Brian is the author of a bestselling book, Selfless.
Finding Your Self in Community
There’s nothing we spend more time with, but understand less, than ourselves. You’ve been with yourself every waking moment of your life. But who—or, rather, what—are you? The radical idea that the “self” as we know it—that “voice in your head”—is a social construct, created in our relationships and social interactions. We are unique because our individual pattern of relationships is unique. We change because our relationships change. Your self isn’t just you, it’s all around you.
|11:00 am - 11:15 am||Break|
|11:15 am - 12:00 pm||
Lori Mackenzie is lead strategist for Diversity, Equity & Inclusion at Stanford Graduate School of Business and co-founder of the new Stanford VMware Women’s Leadership Innovation Lab, offering her a unique view at the intersection of the two organizations. Under her leadership, the lab launched a corporate affiliates program in 2014 — a learning community of more than 55 corporations, government agencies, and thought leaders working together for change. It is now the second-largest affiliates program on the Stanford campus.
Small Wins, Lasting Change
Our culture often encourages us to “go big or go home,” but this can lead to unrealistic expectations or leave us unsure of how to even get started in effecting change. Lori has pioneered, with her colleagues, the concept of “small wins,” or taking bold, yet doable actions that lead to larger changes for your team and organization. Join us to hear more about how Lori thinks about the “small wins” approach and how she’s used this effectively to foster more diverse and inclusive practices.
|12:00 pm - 1:30 pm||Lunch and Networking|
|1:30 pm - 2:35 pm||
Sarah Soule is the Morgridge Professor of Organizational Behavior at Stanford Graduate School of Business and senior associate dean for academic affairs. Her major areas of interest are organizational theory, social movements, and political sociology. She has written two books, the first with Cambridge University Press, entitled Contention and Corporate Social Responsibility, and the second with Norton, called A Primer on Social Movements. She is a member of the founding team of Sociological Science and serves on the editorial boards of Stanford University Press and Cambridge University Press. Her recent research has been published in the American Journal of Sociology, Annual Review of Sociology, American Sociological Review, and the Administrative Science Quarterly. She has served on a number of boards of nonprofit organizations and is currently a member of the board of advisors to the Hasso Plattner Institute of Design (the Stanford d.school), and the international advisory board to the president of the Stockholm School of Economics.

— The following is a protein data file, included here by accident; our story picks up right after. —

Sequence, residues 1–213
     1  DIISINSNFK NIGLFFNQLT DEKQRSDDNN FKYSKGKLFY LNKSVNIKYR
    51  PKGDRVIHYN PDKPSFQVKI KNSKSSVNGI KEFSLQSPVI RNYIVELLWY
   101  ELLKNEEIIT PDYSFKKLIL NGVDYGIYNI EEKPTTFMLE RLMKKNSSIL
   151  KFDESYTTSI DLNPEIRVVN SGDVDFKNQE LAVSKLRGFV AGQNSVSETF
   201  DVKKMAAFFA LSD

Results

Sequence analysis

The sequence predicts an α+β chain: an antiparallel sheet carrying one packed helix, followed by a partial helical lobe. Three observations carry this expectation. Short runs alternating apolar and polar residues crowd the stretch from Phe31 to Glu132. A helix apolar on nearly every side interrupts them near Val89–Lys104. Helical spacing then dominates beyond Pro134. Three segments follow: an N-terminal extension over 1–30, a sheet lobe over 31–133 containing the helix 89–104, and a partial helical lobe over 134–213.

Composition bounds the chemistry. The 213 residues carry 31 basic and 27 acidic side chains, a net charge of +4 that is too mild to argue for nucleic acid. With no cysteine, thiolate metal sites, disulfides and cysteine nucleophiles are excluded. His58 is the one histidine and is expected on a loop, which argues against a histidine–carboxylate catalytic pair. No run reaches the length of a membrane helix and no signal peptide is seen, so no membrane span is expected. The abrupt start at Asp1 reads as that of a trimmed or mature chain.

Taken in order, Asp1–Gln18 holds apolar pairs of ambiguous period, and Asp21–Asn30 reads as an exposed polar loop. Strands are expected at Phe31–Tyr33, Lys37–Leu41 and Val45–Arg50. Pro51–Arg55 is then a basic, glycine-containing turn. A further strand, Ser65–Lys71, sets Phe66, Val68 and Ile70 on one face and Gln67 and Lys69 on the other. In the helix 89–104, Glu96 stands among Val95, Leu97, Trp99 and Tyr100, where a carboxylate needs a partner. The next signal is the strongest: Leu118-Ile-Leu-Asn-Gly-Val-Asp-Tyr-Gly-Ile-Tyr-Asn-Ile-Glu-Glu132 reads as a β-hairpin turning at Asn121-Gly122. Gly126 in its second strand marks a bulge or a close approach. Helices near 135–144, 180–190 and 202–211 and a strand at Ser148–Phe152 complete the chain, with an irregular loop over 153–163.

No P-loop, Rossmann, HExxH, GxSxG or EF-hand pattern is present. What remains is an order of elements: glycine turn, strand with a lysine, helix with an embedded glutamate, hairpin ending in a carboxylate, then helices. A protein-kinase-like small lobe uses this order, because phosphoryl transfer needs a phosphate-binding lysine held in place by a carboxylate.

Fostering Collaboration and Exchange
Most leaders agree that developing a “collaborative culture” is key to achieving long-term success. During this session, we will identify some of the most troubling and persistent barriers to collaboration, relying on several exemplary cases to anchor our discussion. In addition, we will complete a powerful in-class exercise, which sheds light on the dynamics of collaboration and calls attention to one primary impediment to building a collaborative culture. We conclude by highlighting multiple strategies for senior leaders to foster collaboration in their work units, drawing on examples from leading businesses in several different industries.
|2:35 pm- 2:45 pm||Break|
|2:45 pm - 4:00 pm||
|4:00 pm - 4:15 pm||Closing Remarks|
Urban League of Greater San Francisco Bay Area